The following is a guest post from Travis Crum:
In today’s decision in Brnovich v. DNC, the Supreme Court established a new, more stringent discriminatory-effects test for vote-denial claims brought under Section 2 of the Voting Rights Act. Many commentators will focus on how the Court made it far harder to bring such claims, which have proliferated after Shelby County v. Holder gutted the preclearance regime. Today is definitely a loss for voting rights plaintiffs. But I want to focus on what is absent from Brnovich: namely, any discussion of constitutional avoidance or even a constitutional holding about the Fifteenth Amendment.
In articulating a new totality-of-the-circumstances test for vote-denial claims, Justice Alito’s majority opinion reads as a purely statutory decision. Indeed, Justice Kagan criticizes the Court for treating the VRA like “any old piece of legislation—say, the Lanham Act or ERISA.” Whether you agree with the Court’s test or not—and to be clear, I do not— Brnovich’s statutory reasoning stands out for several reasons.
First, the Court has routinely invoked constitutional avoidance when discussing the VRA. Perhaps most famously, the Court’s decision in Northwest Austin invoked constitutional avoidance to creatively re-write the VRA’s bailout mechanism. Of course, Northwest Austin’s homage to the equal sovereignty principle would rear its head four years later in Shelby County. But one can find seeds of discontent about the VRA’s constitutionality in opinions stretching back decades.
Second, the Court has questioned the constitutionality of disparate-impact provisions in other anti-discrimination statutes. In Inclusive Communities, the Court, in holding that disparate-impact claims were cognizable under the Fair Housing Act, cautioned that “[c]ourts should avoid interpreting disparate-impact liability to be so expansive as to inject racial considerations into every housing decision.” The Court’s earlier decision in Ricci raised similar concerns about Title VII. Indeed, in his concurring opinion in that case, Justice Scalia predicted a clash between the Equal Protection Clause and disparate-impact provisions. In Brnovich, we heard nothing about these concerns from the Court or—perhaps most shocking—from any of the conservative Justices in a separate concurrence.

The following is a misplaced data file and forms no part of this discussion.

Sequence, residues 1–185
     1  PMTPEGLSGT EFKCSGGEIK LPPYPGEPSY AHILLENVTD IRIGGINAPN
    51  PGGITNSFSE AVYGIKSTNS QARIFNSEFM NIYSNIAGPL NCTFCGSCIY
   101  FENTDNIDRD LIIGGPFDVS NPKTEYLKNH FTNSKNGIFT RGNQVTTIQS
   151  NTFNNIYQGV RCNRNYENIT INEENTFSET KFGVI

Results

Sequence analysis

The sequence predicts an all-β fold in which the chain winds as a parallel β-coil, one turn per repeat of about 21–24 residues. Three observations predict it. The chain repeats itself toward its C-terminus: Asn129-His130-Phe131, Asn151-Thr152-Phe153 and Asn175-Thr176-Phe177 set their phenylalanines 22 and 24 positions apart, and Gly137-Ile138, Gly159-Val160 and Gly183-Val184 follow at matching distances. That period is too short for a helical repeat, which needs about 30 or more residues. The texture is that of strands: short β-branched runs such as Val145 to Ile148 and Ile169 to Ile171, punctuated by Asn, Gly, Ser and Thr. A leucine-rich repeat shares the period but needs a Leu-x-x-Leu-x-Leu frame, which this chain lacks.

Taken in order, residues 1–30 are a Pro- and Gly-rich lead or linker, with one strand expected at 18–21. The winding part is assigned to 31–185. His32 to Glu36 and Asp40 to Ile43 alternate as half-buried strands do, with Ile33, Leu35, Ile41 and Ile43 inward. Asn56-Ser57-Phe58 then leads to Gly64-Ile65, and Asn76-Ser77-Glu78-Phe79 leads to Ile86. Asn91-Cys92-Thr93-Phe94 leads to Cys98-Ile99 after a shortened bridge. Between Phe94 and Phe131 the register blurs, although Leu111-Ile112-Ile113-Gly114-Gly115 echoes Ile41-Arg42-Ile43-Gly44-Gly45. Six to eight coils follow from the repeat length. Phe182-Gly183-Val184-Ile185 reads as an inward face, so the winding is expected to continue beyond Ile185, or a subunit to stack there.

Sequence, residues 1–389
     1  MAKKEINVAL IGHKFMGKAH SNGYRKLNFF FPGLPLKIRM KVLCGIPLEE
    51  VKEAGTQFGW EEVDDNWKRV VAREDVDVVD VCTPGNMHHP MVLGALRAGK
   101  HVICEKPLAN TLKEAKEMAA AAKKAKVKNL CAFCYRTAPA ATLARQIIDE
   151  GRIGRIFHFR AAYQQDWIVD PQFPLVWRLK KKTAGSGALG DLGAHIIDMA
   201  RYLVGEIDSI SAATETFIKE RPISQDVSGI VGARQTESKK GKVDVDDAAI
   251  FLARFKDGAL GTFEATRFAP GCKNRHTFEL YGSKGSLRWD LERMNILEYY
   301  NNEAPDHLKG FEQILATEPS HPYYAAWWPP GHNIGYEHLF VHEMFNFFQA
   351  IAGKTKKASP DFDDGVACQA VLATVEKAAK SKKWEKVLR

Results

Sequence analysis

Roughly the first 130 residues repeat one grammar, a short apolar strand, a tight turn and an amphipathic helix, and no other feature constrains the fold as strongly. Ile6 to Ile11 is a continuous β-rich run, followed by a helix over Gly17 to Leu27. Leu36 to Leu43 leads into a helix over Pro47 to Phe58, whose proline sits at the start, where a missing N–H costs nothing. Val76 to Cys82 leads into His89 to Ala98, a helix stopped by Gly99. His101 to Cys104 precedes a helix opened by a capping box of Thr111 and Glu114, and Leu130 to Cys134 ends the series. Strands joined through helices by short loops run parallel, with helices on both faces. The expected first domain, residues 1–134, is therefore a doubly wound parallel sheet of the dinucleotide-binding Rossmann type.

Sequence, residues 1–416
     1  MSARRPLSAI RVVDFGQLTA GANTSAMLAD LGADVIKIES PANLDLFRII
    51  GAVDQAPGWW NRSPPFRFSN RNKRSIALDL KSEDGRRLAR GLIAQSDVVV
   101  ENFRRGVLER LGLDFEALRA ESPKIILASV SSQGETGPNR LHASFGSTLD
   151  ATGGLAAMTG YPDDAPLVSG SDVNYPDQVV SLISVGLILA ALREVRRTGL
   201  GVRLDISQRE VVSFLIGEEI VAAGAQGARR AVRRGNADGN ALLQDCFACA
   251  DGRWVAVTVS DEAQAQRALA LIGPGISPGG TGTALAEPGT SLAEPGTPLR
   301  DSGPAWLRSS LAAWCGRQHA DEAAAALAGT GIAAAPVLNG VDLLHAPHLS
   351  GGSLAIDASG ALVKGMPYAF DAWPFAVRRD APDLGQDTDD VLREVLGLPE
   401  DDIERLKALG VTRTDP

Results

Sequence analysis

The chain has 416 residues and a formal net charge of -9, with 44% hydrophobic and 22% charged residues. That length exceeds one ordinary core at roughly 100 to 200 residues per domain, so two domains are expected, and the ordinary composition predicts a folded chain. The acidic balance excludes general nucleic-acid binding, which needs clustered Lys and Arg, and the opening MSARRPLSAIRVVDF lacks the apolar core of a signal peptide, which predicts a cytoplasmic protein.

Third, the briefs in the case (including an amicus brief authored and filed by me in support of respondents) discussed the relevant constitutional standard of review for Congress’s Fifteenth Amendment enforcement authority. The parties and amici debated whether Katzenbach’s rationality standard, Boerne’s congruence and proportionality test, or Shelby County’s equal sovereignty principle was the governing precedent. Not a peep from the Court on that open and significant constitutional question.
And although the Court’s discussion of Section 2 is generating the most interest, the Court addressed the substantive scope of the Fifteenth Amendment for the first time since 2000. On this front, the Court relied on the clear-error standard of review, chiding the en banc Ninth Circuit for invoking a cat’s paw theory of liability in overturning the district court’s factual findings. A majority of the Court did not reach out and decide constitutional questions that have been repeatedly ducked: whether the Fifteenth Amendment requires a showing of discriminatory intent and whether it is limited to vote-denial claims. And rightly so, as those issues were not in dispute in the case.
The upshot of Brnovich’s statutory holding is that it can be overturned by Congress. Just as the 1982 version of Section 2 was a clear response to City of Mobile v. Bolden, Congress—if it can get its act together—can easily respond to Brnovich. The Court put no constitutional barriers in its way. And in the meantime, lower courts should avoid reading Brnovich as speaking to any underlying constitutional concerns about the VRA or disparate-impact provisions more generally.